34 Documentation Differences Between AE CRF and SAE Form
Record in source document Attach additional documentation Record on AE case report form Record on SAE Form (includes narrative) Does AE meet SAE criteria? Documentation differences between AE CRF and SAE/EAE form When an AE occurs first record the AE in the source document Then record the AE in the case report form (CRF) Determine if the AE meets SAE/EAE criteria? If yes, record the event on the SAE/EAE form (this form includes narrative the section) Attach any additional documentation to this form such as relevant hospital progress notes, discharge summary, laboratory test results, diagnostic test reports, death certificate etc. Yes

35 Documentation Differences Between AE CRF and SAE Form: Data Elements
Start Date Stop Date / Continuing Is it SAE? Severity Relatedness Action taken with Study Agent Outcome (study participation) SAE Form Data Elements Participant Identifiers Study Agent details Narrative Past medical history Relevant labs, tests, procedures Concomitant meds Outcome of SAE Other supporting information SAE Form contains more information

36 Safety Data from Clinical Trials
Obligations to report safety data (IND or Non-IND studies): Data for non-expedited reporting: Recorded on AE CRF, goes to clinical trial database Data for expedited reporting: Recorded on AE CRF and then an SAE type form Goes to safety database (unless a linked system) IND timelines: 24o to sponsor, 7/15 days to FDA, EMEA Post-marketing timelines: depends on sponsor, 15 days to FDA, EMEA Annual/Periodic Reports : Need safety data from clinical and safety database Must be reconciled Clinical database: FSTRF for IMPAACT and ACTG SCHARP for HVTN, MTN and HPTN UMN for INSIGHT – See Slide #7 Safety database: RSC

37 Stretch Break

38 Adverse Event ICH E2A: 21 CFR 312.32 Sep, 2011
Any untoward medical occurrence in a patient or clinical investigation subject administered a pharmaceutical product and which does not necessarily have to have a causal relationship with this treatment. 21 CFR Sep, 2011 Any untoward medical occurrence associated with the use of a drug in humans, whether or not considered drug related.

39 Adverse Event Term The AE should best describe what the subject says (i.e. verbatim description) Can be extracted from medical records Can incorporate medical assessment (including a diagnosis if available) The more accurate the AE term, the more accurate the safety database. The AE terms will be coded using a standard dictionary, e.g. Medical Dictionary for Regulatory Activities (MedDRA); this is NOT site responsibility

40 AE Term - Examples If “anaphylactic reaction” is associated with “rash, dyspnea, hypotension, and laryngospasm,” report primary AE as “anaphylactic reaction.” If “myocardial infarction” is associated with “chest pain, dyspnea, diaphoresis, ECG changes and jaundice,” report “myocardial infarction” and “jaundice” as separate primary AEs.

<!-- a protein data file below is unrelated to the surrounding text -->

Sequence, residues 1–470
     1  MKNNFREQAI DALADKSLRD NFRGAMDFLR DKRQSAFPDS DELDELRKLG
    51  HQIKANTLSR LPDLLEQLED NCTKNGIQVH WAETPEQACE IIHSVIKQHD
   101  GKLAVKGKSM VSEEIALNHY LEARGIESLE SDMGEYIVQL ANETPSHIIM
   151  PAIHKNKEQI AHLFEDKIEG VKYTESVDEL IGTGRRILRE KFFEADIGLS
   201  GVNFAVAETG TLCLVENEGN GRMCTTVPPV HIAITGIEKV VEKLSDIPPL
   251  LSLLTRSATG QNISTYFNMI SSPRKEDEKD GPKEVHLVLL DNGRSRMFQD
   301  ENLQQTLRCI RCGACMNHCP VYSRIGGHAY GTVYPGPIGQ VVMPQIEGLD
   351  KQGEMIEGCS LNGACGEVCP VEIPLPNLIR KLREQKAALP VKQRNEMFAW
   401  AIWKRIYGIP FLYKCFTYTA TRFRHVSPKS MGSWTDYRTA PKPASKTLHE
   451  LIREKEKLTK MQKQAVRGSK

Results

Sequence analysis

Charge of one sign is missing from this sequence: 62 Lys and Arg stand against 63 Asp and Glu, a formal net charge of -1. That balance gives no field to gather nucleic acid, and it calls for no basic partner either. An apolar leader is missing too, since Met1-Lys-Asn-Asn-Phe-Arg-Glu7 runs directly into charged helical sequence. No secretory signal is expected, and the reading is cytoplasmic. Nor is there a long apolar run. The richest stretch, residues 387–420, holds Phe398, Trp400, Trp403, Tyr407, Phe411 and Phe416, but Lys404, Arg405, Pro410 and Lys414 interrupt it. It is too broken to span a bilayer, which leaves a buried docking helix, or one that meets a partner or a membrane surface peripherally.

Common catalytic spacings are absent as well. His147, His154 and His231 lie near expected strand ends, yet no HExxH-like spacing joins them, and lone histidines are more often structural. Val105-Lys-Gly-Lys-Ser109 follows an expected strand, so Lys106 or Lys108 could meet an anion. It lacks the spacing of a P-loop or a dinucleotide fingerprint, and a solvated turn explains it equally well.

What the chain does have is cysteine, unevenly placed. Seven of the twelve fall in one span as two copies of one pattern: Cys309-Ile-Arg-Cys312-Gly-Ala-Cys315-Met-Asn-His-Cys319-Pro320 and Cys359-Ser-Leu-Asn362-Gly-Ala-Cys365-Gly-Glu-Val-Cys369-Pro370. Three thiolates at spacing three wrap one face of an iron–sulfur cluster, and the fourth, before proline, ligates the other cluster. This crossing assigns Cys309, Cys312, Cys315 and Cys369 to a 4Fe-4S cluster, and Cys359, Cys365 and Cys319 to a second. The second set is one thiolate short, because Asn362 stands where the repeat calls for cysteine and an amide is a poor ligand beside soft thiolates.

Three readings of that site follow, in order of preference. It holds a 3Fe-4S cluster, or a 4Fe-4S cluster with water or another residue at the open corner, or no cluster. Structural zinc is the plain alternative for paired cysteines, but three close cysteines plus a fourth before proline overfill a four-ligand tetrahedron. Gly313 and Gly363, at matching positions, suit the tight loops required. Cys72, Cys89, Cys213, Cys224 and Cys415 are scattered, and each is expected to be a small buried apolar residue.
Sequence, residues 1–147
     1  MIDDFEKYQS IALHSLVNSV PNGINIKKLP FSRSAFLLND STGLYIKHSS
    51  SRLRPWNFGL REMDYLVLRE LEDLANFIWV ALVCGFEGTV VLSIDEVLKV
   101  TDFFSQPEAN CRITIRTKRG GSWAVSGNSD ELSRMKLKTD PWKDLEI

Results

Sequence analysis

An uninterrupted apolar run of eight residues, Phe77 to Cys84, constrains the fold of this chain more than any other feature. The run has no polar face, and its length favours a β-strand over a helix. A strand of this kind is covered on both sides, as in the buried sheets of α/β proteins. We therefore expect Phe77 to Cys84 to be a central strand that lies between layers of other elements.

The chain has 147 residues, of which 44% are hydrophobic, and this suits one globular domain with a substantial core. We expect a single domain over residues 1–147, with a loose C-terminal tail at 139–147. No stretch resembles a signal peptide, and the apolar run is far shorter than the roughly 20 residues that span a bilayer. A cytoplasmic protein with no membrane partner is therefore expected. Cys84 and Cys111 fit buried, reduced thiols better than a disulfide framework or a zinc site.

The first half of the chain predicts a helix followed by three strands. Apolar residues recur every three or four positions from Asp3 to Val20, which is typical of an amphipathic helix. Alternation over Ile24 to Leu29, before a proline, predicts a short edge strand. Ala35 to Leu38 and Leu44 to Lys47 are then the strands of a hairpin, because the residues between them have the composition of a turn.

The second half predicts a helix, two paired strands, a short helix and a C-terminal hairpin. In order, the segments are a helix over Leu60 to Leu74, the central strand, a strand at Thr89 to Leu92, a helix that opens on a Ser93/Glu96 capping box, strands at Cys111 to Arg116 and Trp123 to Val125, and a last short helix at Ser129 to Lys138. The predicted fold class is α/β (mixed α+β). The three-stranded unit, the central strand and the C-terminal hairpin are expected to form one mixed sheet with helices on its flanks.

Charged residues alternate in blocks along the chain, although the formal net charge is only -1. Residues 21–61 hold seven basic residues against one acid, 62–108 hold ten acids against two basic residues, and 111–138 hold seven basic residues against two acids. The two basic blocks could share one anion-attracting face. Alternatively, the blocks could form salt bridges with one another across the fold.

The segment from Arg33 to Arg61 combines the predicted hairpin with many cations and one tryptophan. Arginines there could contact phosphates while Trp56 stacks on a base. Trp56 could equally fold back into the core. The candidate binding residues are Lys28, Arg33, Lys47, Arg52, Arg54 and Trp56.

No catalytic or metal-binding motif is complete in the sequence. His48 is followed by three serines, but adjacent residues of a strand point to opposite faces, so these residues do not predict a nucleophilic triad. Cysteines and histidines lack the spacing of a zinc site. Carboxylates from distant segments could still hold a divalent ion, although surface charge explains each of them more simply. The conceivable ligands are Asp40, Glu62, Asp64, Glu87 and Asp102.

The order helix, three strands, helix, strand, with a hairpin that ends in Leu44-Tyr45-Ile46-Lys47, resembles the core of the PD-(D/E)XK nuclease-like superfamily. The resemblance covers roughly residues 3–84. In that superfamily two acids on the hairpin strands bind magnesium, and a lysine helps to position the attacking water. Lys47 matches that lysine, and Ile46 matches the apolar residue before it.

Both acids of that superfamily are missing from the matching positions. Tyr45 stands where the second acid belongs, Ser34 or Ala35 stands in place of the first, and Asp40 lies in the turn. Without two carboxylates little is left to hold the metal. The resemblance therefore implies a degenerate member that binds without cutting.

41 Serious Adverse Event (SAE)
A serious adverse event (experience) or reaction is any untoward medical occurrence that at any dose: Results in death, Is life-threatening Requires inpatient hospitalization or prolongation of existing hospitalization A persistent or significant incapacity or substantial disruption of the ability to conduct normal life functions, or a congenital anomaly/birth defect Is a congenital anomaly/birth defect Important medical events that may not result in death, be life-threatening, or require hospitalization may be considered serious when, based upon appropriate medical judgment, they may jeopardize the patient or subject and may require medical or surgical intervention to prevent one of the outcomes listed in this definition (ICH E2A, New Final Rule)

42 Suspected Adverse Reaction Adverse Reaction
21 CFR Sep, 2011 Suspected Adverse Reaction: Any adverse event for which there is a reasonable possibility that the drug caused the adverse event. Adverse Reaction: Any adverse event caused by a drug Suspected adverse reaction implies a lesser degree of certainty about causality than adverse reaction

43 The Universe of Adverse Events
Suspected Adverse Reactions Adverse Events Adverse Reactions

44 Adverse Event vs. Event Outcome
Hospitalization Hospitalization is a consequence and is not usually considered an AE. Example: If the subject was hospitalized due to congestive heart failure, “congestive heart failure” is the primary AE and hospitalization is the outcome. If the only information available is that the study subject was hospitalized, “hospitalization” can be reported.